Emergency treatment

...The dentist points out that it was unfortunate that Mr V was ten minutes late for a 15-minute appointment slot, leaving only five minutes for assessment and treatment...

  • Date: 27 November 2019


BACKGROUND: Mr V books an emergency appoint at the dental surgery on a Friday morning before a bank holiday. He is ten minutes late for a 15-minute slot and complains of extreme sensitivity in an upper right molar. Mr V reports the pain is short in duration and made worse by cold and sweet things.

Dr S examines the patient and notes a small crack in the tooth. He does not find any teeth TTP, and no swelling or gum problems. The dentist applies desensitising varnish to ease the discomfort and asks Mr V to make an appointment with his regular dentist next week.

That Monday Mr V attends A&E with extreme pain in the upper right jaw and is referred to the dental hospital. Following a clinical examination and taking of appropriate radiographs, a diagnosis of irreversible pulpitis is made.

Treatment options are discussed and Mr V elects to have the tooth extracted. This is completed uneventfully.

A few days later the practice receives a letter of complaint from Mr V. He questions why Dr S did not take a radiograph and diagnose irreversible pulpitis on the Friday, thus sparing him an "agonising weekend". Treatment could have been offered then or at least a referral to the dental hospital.

ANALYSIS/OUTCOME: Dr S contacts MDDUS for advice. A dental advisor reviews the draft text of a response letter. First the dentist apologises for the inconvenience and distress the situation has caused and states that it is practice policy to investigate patient concerns and use that learning to improve services.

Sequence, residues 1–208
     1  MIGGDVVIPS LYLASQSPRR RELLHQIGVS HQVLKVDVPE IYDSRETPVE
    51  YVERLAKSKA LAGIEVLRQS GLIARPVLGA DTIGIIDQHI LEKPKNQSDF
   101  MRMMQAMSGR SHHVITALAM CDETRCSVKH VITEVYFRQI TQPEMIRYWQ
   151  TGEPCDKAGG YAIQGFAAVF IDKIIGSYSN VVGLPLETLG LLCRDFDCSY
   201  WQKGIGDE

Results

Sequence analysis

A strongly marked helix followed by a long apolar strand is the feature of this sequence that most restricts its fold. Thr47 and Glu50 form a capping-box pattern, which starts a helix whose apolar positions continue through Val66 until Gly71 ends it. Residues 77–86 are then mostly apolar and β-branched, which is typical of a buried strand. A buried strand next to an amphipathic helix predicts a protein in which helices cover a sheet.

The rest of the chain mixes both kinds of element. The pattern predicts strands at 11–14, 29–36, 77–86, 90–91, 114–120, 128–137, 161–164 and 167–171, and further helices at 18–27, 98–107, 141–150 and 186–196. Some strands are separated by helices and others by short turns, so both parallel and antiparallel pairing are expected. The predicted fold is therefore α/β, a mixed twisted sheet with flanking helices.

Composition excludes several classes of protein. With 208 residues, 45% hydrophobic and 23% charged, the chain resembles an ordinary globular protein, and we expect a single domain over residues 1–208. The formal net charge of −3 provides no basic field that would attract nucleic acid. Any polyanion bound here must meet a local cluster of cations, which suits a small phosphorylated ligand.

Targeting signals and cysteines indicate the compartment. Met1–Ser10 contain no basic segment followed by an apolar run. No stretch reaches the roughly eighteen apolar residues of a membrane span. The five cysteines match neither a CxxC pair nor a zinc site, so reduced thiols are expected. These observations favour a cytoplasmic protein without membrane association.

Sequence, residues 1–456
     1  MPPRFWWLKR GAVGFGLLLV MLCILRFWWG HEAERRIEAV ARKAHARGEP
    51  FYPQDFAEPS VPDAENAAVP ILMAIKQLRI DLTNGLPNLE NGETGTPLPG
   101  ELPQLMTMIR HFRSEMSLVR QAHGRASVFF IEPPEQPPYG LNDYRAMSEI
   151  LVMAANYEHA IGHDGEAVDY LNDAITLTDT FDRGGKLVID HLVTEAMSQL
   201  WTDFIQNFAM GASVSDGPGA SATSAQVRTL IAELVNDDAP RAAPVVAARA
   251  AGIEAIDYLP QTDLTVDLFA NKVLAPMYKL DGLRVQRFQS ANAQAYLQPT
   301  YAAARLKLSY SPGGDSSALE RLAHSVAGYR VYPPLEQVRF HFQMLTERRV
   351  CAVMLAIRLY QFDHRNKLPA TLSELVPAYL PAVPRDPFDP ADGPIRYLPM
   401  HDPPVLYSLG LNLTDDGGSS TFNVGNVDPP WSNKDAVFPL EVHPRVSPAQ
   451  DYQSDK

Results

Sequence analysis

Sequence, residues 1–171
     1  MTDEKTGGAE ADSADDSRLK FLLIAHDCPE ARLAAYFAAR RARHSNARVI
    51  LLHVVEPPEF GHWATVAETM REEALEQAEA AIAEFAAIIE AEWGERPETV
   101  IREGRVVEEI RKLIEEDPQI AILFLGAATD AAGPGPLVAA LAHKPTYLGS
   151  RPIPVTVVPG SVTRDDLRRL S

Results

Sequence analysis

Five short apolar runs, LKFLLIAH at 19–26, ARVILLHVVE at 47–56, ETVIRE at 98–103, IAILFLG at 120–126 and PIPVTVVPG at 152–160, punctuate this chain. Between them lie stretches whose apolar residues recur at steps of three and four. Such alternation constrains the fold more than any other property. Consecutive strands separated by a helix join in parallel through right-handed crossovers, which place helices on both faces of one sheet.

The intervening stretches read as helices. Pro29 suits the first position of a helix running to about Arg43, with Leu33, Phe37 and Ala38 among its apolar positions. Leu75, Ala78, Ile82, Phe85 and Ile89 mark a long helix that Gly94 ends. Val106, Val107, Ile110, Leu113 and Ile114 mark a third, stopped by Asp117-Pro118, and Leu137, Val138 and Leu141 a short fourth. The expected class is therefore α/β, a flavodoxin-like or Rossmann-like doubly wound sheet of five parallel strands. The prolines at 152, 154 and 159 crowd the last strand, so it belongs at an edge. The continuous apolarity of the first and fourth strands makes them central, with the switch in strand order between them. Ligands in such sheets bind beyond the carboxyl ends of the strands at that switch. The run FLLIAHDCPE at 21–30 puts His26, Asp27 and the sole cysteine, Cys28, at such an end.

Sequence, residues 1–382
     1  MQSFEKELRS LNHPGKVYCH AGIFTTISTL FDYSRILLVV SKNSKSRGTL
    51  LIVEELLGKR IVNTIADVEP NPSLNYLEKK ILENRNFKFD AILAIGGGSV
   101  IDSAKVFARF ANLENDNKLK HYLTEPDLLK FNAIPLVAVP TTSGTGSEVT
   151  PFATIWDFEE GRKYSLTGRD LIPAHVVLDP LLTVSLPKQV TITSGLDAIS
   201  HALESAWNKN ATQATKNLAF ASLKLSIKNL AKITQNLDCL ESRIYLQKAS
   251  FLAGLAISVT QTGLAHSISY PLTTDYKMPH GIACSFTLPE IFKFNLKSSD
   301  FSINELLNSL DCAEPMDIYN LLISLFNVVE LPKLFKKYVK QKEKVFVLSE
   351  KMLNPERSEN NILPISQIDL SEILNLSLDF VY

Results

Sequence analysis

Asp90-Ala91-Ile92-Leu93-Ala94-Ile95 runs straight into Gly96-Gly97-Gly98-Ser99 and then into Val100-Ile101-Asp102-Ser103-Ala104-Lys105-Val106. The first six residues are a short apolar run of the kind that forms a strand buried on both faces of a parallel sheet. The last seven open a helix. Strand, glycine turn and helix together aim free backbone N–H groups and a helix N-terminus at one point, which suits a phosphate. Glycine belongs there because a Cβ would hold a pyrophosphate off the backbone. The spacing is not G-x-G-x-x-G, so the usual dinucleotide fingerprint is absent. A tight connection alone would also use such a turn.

Dr S offers his view of the events based on the patient records. He points out that it was unfortunate that Mr V was ten minutes late for a 15-minute appointment slot, leaving only five minutes for assessment and treatment. The records state that Mr V complained of sensitivity in the molar and the dentist noted a small crack in the tooth. Nothing in the consultation suggested irreversible pulpitis and Dr S applied desensitising varnish to assist with the discomfort until further treatment (if necessary) could be undertaken.

Dr S states that the complaint has given him cause to reflect on his clinical practice and how in future he will deal with similar dental emergencies. Mr V is invited to contact the practice if he wants to discuss the matter further – and is also provided contact details for the ombudsman if he is dissatisfied with this response.

Nothing further is heard from Mr V in regard to the matter and he remains a patient at the practice.


  • Ensure patients are offered advice on how to deal with unresolved or worsening symptoms.
  • Respond promptly to formal complaints with a written response setting out how the matter has been investigated and measures to help prevent similar incidents in future.
  • A sincere apology or expression of regret will often prevent complaints escalating into a claim or GDC referral.

This page was correct at the time of publication. Any guidance is intended as general guidance for members only. If you are a member and need specific advice relating to your own circumstances, please contact one of our advisers.

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